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Draftsman Career Information, Job Duties and Employment Options

Learn about the education and preparation needed to work as a draftsman. Get a quick view of the requirements as well as details about training, job duties and certification to find out if this is the career for you.

A draftsman can specialize in a number of fields and work in several industries, where they mainly design technical drawings. Let's peruse the job duties, employment options, and credentials of a draftsman.

Essential Information

Draftsmen, also known as drafters, create drawings and plans that are used in manufacturing and construction. Drafters can be found in a broad range of fields, including architecture, aeronautics, civil engineering and electronics. Becoming a draftsman typically requires training in drafting and computer-aided design and drafting (CADD) procedures.

Required Education Postsecondary certificate or associate degree
Licensure/Certification American Design Drafting Association certification
Projected Job Growth (2014-2024) -3% for drafters
Median Annual Salary (2015) $52,720 for drafters

Sources: *U.S. Bureau of Labor Statistics

Career Information for a Draftsman

According to the U.S. Bureau of Labor Statistics (BLS), in 2014 nearly half of employment opportunities for draftsmen were in the fields of architectural, engineering, and related services. (www.bls.gov).

The 2015 median annual income for drafters was $52,720, according to statistics released by the BLS. Those working in the electronic and electrical drafting field earned the highest median annual salary of $59,520, while all other types of drafters not listed earned the lowest salary at $49,650.

Job growth for draftsmen often depends upon their field of specialization. The BLS predicted the need for draftsmen in architecture would decrease by three percent between 2014 and 2024. Likewise, opportunities in electrical and electronics were expected increase five percent. Draftsmen with training in computer-aided design and drafting were expected to find the most job opportunities during this time. Competition will be high.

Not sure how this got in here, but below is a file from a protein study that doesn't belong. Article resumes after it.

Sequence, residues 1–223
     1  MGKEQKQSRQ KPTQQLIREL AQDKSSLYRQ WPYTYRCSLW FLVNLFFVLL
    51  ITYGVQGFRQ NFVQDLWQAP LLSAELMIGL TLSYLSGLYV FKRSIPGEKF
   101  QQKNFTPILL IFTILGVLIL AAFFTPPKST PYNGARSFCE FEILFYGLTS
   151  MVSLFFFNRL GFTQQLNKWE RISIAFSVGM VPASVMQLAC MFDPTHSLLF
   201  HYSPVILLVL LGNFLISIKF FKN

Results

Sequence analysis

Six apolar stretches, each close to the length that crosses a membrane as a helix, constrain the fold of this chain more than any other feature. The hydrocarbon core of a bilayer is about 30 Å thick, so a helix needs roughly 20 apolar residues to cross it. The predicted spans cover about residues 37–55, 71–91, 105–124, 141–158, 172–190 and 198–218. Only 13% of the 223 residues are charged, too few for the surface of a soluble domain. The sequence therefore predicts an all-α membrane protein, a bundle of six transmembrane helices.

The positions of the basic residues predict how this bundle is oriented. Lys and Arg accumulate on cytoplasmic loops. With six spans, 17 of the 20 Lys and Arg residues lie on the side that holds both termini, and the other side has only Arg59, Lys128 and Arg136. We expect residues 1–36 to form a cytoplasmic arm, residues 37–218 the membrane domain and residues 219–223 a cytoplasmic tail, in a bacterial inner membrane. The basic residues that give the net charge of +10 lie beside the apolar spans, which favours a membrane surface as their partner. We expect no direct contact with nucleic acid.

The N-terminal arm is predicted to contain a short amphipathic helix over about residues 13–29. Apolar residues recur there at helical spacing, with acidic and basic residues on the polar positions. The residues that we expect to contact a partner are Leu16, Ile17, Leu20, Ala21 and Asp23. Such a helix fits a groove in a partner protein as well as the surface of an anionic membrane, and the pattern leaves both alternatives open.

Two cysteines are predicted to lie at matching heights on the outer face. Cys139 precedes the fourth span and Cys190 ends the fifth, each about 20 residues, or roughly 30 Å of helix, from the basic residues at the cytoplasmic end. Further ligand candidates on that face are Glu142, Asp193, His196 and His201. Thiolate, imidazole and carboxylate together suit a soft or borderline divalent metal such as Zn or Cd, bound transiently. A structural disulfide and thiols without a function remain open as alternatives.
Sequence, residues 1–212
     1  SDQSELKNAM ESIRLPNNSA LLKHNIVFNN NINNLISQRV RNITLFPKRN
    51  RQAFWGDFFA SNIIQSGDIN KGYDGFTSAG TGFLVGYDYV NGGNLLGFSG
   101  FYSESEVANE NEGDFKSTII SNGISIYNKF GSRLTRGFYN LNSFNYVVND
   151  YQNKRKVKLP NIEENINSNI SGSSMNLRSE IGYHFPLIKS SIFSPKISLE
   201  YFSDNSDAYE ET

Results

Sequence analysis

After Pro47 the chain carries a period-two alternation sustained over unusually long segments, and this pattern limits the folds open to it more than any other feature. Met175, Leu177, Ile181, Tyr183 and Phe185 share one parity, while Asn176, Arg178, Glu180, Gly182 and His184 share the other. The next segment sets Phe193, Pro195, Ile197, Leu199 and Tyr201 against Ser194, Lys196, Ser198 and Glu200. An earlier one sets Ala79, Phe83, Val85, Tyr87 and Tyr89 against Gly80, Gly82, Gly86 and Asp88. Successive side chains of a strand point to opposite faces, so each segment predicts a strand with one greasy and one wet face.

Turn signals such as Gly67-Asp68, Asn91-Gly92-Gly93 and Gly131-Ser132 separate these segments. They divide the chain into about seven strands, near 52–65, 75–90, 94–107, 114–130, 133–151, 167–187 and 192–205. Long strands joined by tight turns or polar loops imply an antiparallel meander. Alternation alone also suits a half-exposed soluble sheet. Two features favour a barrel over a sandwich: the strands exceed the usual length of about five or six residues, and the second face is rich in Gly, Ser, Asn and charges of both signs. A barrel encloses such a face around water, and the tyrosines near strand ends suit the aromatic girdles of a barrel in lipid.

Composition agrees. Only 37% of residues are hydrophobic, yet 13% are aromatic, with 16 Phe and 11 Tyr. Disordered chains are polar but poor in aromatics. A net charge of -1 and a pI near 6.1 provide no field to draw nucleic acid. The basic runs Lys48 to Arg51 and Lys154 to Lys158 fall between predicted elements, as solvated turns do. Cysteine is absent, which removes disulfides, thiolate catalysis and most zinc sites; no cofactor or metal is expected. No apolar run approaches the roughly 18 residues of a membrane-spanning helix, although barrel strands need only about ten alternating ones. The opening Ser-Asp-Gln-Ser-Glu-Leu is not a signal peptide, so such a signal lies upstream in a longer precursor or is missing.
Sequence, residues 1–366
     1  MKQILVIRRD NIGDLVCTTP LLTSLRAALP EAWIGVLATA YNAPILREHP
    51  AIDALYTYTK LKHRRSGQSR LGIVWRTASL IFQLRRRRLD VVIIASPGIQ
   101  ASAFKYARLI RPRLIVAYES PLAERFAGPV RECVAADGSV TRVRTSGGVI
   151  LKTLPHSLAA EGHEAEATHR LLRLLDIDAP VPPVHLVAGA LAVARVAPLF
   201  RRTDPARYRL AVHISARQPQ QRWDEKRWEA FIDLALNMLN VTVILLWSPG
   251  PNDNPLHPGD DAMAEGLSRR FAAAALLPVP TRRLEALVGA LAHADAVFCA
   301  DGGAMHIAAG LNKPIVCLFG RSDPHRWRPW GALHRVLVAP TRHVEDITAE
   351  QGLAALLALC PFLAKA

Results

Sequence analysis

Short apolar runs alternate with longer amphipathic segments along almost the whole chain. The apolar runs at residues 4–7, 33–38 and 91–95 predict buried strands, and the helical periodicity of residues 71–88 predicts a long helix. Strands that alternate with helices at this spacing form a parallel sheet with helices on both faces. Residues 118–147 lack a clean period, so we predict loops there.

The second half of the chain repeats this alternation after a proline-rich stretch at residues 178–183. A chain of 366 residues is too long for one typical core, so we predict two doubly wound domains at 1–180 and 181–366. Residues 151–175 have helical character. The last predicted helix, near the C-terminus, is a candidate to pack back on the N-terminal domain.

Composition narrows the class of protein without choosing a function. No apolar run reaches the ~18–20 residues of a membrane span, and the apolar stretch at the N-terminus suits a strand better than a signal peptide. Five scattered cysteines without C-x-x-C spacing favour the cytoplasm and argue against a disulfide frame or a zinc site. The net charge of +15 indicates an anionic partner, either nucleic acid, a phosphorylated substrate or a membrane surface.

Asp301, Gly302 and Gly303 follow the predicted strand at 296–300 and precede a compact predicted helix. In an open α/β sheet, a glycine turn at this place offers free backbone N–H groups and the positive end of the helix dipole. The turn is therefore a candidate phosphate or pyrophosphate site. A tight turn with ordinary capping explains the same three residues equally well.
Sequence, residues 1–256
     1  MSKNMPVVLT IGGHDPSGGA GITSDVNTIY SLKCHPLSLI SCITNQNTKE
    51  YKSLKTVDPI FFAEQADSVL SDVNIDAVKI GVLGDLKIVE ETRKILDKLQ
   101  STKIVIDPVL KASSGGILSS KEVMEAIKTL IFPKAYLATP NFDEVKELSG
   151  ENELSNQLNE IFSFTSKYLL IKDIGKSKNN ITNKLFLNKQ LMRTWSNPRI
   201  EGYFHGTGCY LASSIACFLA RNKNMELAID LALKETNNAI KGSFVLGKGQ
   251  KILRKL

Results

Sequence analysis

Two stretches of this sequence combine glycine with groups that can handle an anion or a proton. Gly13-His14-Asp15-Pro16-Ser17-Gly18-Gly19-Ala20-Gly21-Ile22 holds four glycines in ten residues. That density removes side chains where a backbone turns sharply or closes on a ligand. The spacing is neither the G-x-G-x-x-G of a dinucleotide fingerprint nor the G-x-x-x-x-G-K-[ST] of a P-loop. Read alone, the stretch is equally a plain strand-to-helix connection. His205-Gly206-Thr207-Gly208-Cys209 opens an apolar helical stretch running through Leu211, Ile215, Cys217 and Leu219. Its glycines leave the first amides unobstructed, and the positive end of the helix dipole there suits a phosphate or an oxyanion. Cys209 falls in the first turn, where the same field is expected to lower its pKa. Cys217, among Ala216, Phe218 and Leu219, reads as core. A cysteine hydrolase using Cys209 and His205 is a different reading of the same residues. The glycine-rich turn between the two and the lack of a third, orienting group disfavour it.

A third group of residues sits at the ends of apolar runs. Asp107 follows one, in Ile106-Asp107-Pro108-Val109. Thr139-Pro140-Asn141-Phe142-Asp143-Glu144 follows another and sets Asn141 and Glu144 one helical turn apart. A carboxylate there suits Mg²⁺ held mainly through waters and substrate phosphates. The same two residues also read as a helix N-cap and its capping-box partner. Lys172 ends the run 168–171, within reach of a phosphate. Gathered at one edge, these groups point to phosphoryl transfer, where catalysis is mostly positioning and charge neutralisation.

Job Duties

Generally, a draftsman's main job duty is to create technical drawings based on given specifications and calculations. Draftsmen typically work with professionals in their field, such as scientists, architects and engineers, who provide the product or structure's details. The draftsman incorporates these specifications into drawings and plans that may be used in the manufacture, maintenance or repair of the product or structure.

Often, draftsmen use CADD systems to create, save and view their drawings and plans. Depending on the project, draftsmen may need to use more traditional drafting methods, such as drafting pencils and T-squares, to create their drawings. Besides creating drawings, other duties of a draftsman can include calculating structural strength, assessing building capacity limits and estimating construction costs.

Employment Options

Civil drafting typically consists of producing drawings and maps of specific locations to be used in public works projects, such as highways, water systems and pipelines. Civil draftsmen usually work in conjunction with local officials and civil engineers.

Mechanical drafters create technical drawings that can be used for the assembly of machines and other mechanical equipment. These drawings may be used to install and repair machinery or put together consumer products.

Architectural draftsmen produce blueprints and plans for structural projects. Their drawings can be used in the construction or remodeling of homes, commercial buildings and industrial plants.

Electrical drafting can be used to produce diagrams related to the installation and repair of wiring systems. This type of drafting is used in variety of locations, including homes, buildings and power stations.

Aeronautical drafters create plans that will be used in the manufacturing and maintenance of various aircraft or other propelled objects. These objects can include missiles, satellites and rockets.

Certification

Due to the demanding nature of drafting, some employers prefer draftsmen who have earned professional credentials. The American Design Drafting Association (ADDA) offers certification for many different types of drafters, including apprentice, design, architectural and engineering draftsmen (www.adda.org).

The ADDA's program is open to any individual who is interested in drafting, and it consists of a skills assessment exam. Re-certification is available every three years for drafters who remained professionally employed during that time period.

As we have observed, draftsmen can work in electrical, aeronautical, architectural, mechanical, and civil industries, among others. Certification could be beneficial to job potential, and draftsmen typically complete a drafting or computer-aided design training program.

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